January 1, 1997 Article, Blogroll No Comments

Philip A. Lydon January 1997

This article appears in the Park Watch Training Manual and is reproduced with the author’s permision

Modesto Formation
What:
Soft sand, silt, and clay. Includes gravel derived mainly from Tuscan and Red Bluff Formations. Soils of Upper Member lack a B horizon. (If present, it would be marked by a slight reddening and an increase in clay content.) Lower Member not present in Upper Park. Deposited in channels cut into the Red Bluff Formation.
When:
Late Pleistocene, approx. 26,000 to 12,000 yr ago.
Where:
Most of golf course; riding arena; Five Mile area; all of lower Bidwell Park.
Red Bluff Formation
What:
Compact, hard conglomerate. Mainly pebbles and cobbles of metamorphic and volcanic rock, set in sandy red matrix. Includes layers of sand or silt. Deposited as alluvial fans formed from uplift of the Tuscan Formation east of the Chico Monocline.
When:
Pleistocene, approx. 0.5 to 1.0 Ma (mega annum. = million years).
Where:
South of Horseshoe Lake; north bank of diversion channel at Five-Mile area. near diversion weir (a few hundred feet west of footbridge); diversion channel near main entrance to Upper Park.
Chico Monocline
What:
Rock folded gently in only one direction. Probably formed because of vertical movement along a hidden fault. The fold forms a straight line along east margin of the Sacramento Valley, from Chico to near Red Bluff. A widespread system of fractures formed at the same time and from the same cause as the Monocline.
When:
Most of the fracture system (and thus the Monocline) formed by 1 Ma. (Some fractures are covered by radiometrically dated basalt, in Deer Creek.)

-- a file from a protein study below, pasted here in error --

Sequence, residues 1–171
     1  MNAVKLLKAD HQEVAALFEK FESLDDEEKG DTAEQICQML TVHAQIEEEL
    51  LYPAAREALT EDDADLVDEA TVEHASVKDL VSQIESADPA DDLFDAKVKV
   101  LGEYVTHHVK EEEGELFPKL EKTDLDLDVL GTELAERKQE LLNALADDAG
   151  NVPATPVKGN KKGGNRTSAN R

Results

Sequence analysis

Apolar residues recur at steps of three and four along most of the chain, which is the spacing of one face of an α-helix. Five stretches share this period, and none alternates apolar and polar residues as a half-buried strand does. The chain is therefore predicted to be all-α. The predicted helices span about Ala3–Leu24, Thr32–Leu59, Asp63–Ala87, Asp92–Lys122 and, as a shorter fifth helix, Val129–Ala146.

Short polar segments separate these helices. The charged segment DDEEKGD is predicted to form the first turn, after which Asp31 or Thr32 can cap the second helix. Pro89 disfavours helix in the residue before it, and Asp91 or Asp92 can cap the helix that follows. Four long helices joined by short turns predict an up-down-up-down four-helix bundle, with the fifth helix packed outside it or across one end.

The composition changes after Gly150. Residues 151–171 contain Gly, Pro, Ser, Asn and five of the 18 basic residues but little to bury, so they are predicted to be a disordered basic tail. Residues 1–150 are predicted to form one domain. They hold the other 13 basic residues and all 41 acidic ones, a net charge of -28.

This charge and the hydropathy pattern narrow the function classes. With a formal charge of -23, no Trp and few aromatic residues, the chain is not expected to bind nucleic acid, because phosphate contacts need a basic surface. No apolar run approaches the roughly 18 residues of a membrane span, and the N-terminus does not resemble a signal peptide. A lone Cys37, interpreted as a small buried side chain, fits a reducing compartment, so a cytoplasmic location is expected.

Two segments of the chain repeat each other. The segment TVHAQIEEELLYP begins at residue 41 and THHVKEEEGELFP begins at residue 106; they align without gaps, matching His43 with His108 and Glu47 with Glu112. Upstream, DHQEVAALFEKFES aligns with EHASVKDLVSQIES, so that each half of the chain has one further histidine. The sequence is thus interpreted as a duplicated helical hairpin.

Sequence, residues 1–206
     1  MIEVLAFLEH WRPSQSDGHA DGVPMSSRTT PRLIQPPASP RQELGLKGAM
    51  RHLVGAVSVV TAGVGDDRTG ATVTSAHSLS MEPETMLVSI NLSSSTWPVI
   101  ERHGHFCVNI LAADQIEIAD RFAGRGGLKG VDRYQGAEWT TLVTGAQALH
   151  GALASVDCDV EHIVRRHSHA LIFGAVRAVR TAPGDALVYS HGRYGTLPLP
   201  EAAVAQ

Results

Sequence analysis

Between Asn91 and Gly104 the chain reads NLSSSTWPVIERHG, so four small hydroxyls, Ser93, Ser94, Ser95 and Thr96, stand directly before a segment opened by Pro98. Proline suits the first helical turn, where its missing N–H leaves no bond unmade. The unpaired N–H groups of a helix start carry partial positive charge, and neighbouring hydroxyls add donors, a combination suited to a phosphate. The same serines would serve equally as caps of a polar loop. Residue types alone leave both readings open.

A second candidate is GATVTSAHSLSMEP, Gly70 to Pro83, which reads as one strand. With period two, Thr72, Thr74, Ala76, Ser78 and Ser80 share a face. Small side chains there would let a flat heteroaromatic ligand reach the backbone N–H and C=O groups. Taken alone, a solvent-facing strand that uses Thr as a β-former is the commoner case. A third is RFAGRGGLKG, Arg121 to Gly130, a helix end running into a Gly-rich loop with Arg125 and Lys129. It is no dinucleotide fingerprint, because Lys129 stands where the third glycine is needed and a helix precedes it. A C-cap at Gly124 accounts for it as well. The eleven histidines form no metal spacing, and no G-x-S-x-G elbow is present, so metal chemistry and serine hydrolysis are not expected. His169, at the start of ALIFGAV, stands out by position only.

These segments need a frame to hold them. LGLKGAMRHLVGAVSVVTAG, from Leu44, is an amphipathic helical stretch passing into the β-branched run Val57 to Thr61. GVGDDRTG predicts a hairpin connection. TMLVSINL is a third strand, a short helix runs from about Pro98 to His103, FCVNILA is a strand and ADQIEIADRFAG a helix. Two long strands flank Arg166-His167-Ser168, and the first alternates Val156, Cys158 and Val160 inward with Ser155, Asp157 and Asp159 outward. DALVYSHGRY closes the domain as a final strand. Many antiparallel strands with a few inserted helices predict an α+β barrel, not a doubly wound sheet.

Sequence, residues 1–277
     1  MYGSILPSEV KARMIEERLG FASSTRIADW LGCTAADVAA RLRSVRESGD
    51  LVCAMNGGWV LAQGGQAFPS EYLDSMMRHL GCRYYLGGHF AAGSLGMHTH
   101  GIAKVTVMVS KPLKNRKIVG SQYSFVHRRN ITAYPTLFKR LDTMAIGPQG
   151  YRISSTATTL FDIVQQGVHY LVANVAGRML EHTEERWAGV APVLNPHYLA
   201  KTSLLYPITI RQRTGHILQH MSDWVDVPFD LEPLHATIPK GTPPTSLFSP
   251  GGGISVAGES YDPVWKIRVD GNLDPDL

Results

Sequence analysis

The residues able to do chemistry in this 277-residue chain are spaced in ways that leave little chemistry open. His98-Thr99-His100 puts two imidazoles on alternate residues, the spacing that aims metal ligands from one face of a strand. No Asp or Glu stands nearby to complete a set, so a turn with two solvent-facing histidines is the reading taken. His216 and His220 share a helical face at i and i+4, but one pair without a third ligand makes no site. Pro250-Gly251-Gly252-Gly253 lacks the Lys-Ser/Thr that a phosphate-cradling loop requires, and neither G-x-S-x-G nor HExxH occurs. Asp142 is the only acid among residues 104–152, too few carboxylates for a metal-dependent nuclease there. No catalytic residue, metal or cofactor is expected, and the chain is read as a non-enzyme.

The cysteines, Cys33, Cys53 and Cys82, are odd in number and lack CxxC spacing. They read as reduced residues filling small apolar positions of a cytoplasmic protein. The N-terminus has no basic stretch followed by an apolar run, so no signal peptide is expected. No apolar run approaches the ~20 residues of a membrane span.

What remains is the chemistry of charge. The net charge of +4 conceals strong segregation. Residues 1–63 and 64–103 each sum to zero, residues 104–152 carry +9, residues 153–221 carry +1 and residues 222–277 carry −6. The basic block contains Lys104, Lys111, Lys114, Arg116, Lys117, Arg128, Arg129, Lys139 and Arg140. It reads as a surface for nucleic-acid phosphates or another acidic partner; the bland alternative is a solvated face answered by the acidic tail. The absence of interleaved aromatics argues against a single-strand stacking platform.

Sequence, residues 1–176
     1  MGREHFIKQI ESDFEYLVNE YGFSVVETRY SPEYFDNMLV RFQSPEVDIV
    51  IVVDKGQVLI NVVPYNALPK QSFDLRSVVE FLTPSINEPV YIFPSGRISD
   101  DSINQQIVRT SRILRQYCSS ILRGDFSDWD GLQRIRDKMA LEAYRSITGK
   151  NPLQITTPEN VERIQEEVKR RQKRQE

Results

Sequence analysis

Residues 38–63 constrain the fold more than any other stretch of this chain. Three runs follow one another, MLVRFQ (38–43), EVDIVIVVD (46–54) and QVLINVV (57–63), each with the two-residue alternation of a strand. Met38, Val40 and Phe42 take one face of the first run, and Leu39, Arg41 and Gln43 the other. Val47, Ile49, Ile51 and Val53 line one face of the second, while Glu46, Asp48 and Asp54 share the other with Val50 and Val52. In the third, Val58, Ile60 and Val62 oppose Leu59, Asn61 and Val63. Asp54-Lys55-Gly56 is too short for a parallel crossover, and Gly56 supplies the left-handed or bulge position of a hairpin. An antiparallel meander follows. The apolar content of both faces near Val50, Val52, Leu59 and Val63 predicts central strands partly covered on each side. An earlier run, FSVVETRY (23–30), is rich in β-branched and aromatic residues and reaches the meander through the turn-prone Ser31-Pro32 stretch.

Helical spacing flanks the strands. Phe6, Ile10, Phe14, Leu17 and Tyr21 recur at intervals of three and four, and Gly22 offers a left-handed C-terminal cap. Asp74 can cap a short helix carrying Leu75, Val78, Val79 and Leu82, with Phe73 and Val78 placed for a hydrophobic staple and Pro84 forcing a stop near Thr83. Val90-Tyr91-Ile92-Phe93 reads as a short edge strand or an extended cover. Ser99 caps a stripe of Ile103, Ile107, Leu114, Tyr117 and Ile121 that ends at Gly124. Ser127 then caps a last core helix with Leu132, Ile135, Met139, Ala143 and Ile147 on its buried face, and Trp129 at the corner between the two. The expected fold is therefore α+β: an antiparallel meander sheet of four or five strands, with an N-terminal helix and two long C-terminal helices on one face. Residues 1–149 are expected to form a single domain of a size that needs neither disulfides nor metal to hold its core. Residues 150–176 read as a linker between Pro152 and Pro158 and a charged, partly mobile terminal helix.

Where:
From Rim trail northeast of Horseshoe Lake, southwest-sloping Monocline is visible as an increase in dip (= angle of inclination) of the rock layers in the south wall of Chico Creek canyon. A few of the fractures are in the Park; they form low benches or small troughs in Lovejoy Basalt best seen on the flat area north of Salmon Hole.
Tuscan Formation
What:
Layers of volcanic-mudflow debris (= lahars) and sediment derived from the lahars: conglomerate, sandstone, and siltstone, all containing abundant particles of volcanic rock. The lahars tend to form cliffs; sediments form gentler slopes below the cliffs. Vegetation on the permeable sediment but not on the impermeable lahars gives canyon slopes a striped appearance.
When:
Late Pliocene, approx. 2.8 to 3.3 Ma.
Where:
Most of Upper Park, including the 1995 acquisition. In stream bottom at Five Mile and golf course, and in bottom of diversion channel near entrance to Upper Park; along rim trail north of Horseshoe Lake, and in canyon walls in most of the rest of Upper Park.
Lovejoy Basalt
What:
Hard. black, fine-grained rock, heavily fractured. Formed from very-fluid lava flows. Individual flows 10 to 30 ft thick. Large, eroded blocks have tumbled into Big Chico Creek channel, especially east of Devils Kitchen.
When:
Miocene, 18 to 19 Ma (based on radiometric age dates from rock within Park).
Where:
The dip (inclination) of the basalt is steeper than the southwest-sloping gradient of the stream. Because of this, if we travel northeastward, the basalt layer rises faster than the stream does. Thus the upper surface of the basalt is at stream level a few hundred feet west of Bare Hole. but east of Bare Hole is at the level of the main road. East of Devils Kitchen, the basalt layer rises up the walls of the canyon, forming a line of black cliffs.
Chico Formation
What:
Tan to light gray sandstone. Some layers soft and clayey, others hard and cemented. Deposition in marine environment resulted in trapped salt water that even today continues to come to the surface at salt licks.
When:
Late Cretaceous. Approx. 65 to 75 Ma.
Where:
Northerly end of Park. including the 1995 acquisition. Chico Formation is about 2000 ft thick in the canyon of Big Chico Creek, but not all of that is inside the Park.
Mesozoic And Paleozoic Basement Rocks
What:
Ancient volcanic and sedimentary rocks that were metamorphosed before and during formation of the Sierra Nevada.
When:
Mesozoic and Paleozoic Eras; older than about 135 Ma.
Where:
Not exposed in the Park. Closest outcrops are in canyons 3 to 6 mi. east and northeast of the upper end of the 1995 acquisition. However, pebbles and cobbles of these rocks, transported by westward-flowing streams, are present in most of the younger formations.

 

 

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